A UK half treble is so called because you are working the initial stages of a treble, but the execution of the stitch is shorter.
In the US, a half treble is known as a half double, so bare this in mind when you are reading patterns and make sure you are working the stitch specified, by identifying whether your pattern is using US or UK abbreviations.
How to crochet a half treble
In height, the half treble is halfway between a double crochet and a treble and is frequently used as a transitional stitch between the two in waves and other curvy patterns.
1. When working into a chain, begin by wrapping your yarn round the hook and insert the hook in the third chain from the hook. This gives the stitch necessary height where the two chains just missed and will later be counted as a stitch. 2. Yarn round your hook and pull the yarn through the chain to make a loop on the hook, then wrap your yarn round the hook again. 3. Pull the yarn loop just made through all three loops on the hook to complete the stitch.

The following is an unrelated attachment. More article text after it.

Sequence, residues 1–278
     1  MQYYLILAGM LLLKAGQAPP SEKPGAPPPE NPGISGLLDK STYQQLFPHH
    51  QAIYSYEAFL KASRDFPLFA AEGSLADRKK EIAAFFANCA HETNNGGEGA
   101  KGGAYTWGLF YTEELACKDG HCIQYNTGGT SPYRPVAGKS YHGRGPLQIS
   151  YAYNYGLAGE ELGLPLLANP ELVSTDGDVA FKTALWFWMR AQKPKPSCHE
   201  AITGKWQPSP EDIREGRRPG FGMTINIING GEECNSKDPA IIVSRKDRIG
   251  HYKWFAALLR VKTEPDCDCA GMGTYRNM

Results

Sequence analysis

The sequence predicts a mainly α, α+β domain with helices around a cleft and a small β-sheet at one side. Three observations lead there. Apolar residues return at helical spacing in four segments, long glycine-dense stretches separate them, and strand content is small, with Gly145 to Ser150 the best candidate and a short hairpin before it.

If working a UK treble, at stage three (above), there are two steps instead of one - wrapping your yarn round the hook and bringing it through two loops twice. This elongates the stitch, creating a taller one.
As mentioned earlier, the half treble is slightly taller than a double crochet and slightly shorter than a treble. So often this will be used as an incremental stitch in between the two when working shell-like shapes.
In the above pansy, half-treble stitches are used alongside longer treble stitches to add shapes to the existing curves formed naturally by working in the round.
This pansy is worked around the centre which you can see is worked in a cheery bright yellow.